What Is Plant Respiration?

Overview

Plants use carbon dioxide as part of the process of making energy from sunlight. As part of that process, plants produce oxygen as a byproduct. The process of absorbing carbon dioxide and expelling waste oxygen is referred to as plant respiration. However, unlike animals, plants do not have lungs to help with the process of converting atmospheric gasses into energy. Like animals, plants also take in oxygen, although they produce more oxygen through photosynthesis than they use.

Photosynthesis

Although photosynthesis is very important in plant life, it is not part of respiration. Photosynthesis uses the gasses absorbed during respiration. Plants respire all the time, but photosynthesis occurs only under light. When studying plant respiration, scientists must first block out the light to observe only plant-respiratory activity.

Parts That Breathe

Unlike animals, who have specific body areas for respiration, all parts of a plant respire, or breathe. Leaves, stems, flowers and even roots respire. One of the reasons that potted plants need repotting is to allow adequate air in the soil for root respiration.

Above-Ground Respiration

There are two structures for respiration above ground. Leaves have tiny structures in called stoma. The plural for stoma is stomata. Branches have similar structures called lenticels. Both of these structures absorb the oxygen needed by the plants directly from the air.

Below-Ground Respiration

Roots are structurally very similar to branches when it comes to respiration. Roots respire using the same type of structure as branches, lenticels. The lenticels take gasses from the air trapped between soil grains. This requirement for root respiration is why many plants require soils that drain well. If the soil retains too much water, it interferes with the ability of the roots to take the gasses they need from the air in the soil.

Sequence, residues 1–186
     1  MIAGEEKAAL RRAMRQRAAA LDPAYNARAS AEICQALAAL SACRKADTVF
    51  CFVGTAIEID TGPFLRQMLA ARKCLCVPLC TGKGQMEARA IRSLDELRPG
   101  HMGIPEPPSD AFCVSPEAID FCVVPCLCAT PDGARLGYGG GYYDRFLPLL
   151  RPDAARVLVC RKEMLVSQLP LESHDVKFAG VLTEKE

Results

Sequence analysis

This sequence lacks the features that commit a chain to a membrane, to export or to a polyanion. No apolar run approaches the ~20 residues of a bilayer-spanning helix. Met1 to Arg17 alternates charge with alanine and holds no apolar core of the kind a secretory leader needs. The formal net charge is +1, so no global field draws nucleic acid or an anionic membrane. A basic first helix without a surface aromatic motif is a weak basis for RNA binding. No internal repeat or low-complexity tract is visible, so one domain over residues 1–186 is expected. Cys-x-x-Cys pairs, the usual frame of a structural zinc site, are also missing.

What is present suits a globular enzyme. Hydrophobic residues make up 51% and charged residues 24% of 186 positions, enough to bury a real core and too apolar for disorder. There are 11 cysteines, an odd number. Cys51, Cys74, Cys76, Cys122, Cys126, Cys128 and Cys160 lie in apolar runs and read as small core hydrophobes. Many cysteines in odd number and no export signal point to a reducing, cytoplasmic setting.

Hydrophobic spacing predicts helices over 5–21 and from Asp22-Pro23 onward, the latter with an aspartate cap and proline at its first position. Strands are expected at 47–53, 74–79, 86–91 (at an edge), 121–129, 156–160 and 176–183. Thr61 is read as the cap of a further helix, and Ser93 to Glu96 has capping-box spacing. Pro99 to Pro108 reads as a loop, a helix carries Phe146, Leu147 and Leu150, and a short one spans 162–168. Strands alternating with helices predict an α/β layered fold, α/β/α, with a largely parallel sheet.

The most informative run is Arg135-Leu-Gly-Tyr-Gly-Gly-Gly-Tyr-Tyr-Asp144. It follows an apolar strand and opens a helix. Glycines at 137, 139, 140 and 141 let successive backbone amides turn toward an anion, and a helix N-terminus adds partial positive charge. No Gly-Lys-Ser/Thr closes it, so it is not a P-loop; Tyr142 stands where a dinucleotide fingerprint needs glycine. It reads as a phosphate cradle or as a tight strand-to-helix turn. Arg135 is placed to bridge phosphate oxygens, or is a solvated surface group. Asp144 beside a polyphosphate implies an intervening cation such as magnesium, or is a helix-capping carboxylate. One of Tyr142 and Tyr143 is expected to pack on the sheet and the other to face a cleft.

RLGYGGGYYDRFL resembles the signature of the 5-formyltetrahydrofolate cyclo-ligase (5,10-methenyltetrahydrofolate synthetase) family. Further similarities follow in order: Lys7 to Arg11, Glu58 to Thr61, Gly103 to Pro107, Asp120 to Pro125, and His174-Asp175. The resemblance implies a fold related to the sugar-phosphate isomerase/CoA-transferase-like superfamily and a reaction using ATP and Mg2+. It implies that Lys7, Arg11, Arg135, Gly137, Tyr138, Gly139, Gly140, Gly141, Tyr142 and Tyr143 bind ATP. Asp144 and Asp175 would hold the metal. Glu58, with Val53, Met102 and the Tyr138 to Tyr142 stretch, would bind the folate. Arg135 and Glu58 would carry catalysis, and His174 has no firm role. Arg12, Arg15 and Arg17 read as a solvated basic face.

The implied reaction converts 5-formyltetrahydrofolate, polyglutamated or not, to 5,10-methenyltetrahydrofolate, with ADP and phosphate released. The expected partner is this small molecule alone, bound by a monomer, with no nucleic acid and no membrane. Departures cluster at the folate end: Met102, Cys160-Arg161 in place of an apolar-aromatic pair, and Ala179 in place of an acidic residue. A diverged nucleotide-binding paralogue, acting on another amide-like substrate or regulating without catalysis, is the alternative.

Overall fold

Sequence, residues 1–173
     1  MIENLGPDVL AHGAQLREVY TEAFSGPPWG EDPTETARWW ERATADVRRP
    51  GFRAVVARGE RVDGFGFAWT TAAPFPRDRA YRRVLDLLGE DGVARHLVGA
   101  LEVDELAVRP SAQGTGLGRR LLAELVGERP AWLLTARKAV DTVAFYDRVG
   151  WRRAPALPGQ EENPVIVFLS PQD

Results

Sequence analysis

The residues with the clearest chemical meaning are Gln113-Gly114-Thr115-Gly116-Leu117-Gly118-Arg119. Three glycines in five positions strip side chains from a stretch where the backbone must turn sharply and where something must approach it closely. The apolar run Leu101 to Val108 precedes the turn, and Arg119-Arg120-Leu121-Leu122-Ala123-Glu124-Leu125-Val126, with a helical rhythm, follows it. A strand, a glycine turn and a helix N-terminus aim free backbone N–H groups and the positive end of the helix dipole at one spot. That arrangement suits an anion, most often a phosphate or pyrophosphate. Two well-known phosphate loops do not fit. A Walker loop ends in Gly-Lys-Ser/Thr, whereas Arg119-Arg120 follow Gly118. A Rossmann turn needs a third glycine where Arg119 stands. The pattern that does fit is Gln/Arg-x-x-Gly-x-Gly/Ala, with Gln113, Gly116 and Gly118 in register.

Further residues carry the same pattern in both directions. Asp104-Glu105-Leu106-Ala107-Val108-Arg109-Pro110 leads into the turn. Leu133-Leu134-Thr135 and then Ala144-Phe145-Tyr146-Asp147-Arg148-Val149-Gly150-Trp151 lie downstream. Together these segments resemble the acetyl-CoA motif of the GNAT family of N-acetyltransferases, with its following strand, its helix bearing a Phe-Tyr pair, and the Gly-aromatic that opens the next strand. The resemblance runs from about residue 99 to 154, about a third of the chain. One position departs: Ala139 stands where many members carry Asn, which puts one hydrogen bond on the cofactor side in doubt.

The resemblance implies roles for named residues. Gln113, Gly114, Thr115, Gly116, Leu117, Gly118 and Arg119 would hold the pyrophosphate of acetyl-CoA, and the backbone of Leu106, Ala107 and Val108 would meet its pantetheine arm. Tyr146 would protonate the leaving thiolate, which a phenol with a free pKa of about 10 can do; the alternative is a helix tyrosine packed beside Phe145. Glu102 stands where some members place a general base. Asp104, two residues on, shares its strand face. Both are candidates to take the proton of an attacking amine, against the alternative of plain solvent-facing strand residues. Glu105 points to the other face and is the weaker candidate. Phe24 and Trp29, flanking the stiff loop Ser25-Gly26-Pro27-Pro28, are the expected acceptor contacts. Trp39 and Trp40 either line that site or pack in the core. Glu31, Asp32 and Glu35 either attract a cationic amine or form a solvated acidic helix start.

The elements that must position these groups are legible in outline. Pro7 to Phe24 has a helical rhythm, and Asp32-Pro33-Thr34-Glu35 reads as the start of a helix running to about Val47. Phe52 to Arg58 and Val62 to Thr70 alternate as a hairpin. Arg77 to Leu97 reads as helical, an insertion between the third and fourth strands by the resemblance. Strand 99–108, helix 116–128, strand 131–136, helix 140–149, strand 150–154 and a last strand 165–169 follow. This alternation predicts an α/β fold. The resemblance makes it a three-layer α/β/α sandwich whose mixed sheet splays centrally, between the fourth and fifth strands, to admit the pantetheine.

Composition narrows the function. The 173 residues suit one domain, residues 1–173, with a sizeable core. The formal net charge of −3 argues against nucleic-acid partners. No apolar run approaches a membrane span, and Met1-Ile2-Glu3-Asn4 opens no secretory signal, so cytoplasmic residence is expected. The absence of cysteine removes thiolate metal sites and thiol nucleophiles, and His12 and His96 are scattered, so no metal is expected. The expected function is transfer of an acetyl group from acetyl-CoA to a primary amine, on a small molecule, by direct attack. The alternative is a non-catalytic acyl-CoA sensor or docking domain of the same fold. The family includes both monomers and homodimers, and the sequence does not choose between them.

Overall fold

When do Plants Breathe

Although plants breathe, or respire, all the time, they tend to breathe more during the day than at night. According to Kimball's Biology Pages, plants transfer more than twice as much gas at 11 a.m. than they do at midnight. The cells responsible for respiration, the lenticels and the stomata, close at night when there is less light for photosynthesis. As light levels increase and photosynthesis starts again, these cells open to allow for more transference of gasses into and out of the plant.

Keywords: plant respiration, plant biology, plant physiology

About this Author

Although he grew up in Latin America, Mr. Ma is a writer based in Denver. He has been writing since 1987 and has written for NPR, AP, Boeing, Ford New Holland, Microsoft, RAHCO International, Umax Data Systems and other manufacturers in Taiwan. He studied creative writing at Mankato State University in Minnesota. He speaks fluent Mandarin Chinese, English and reads Spanish.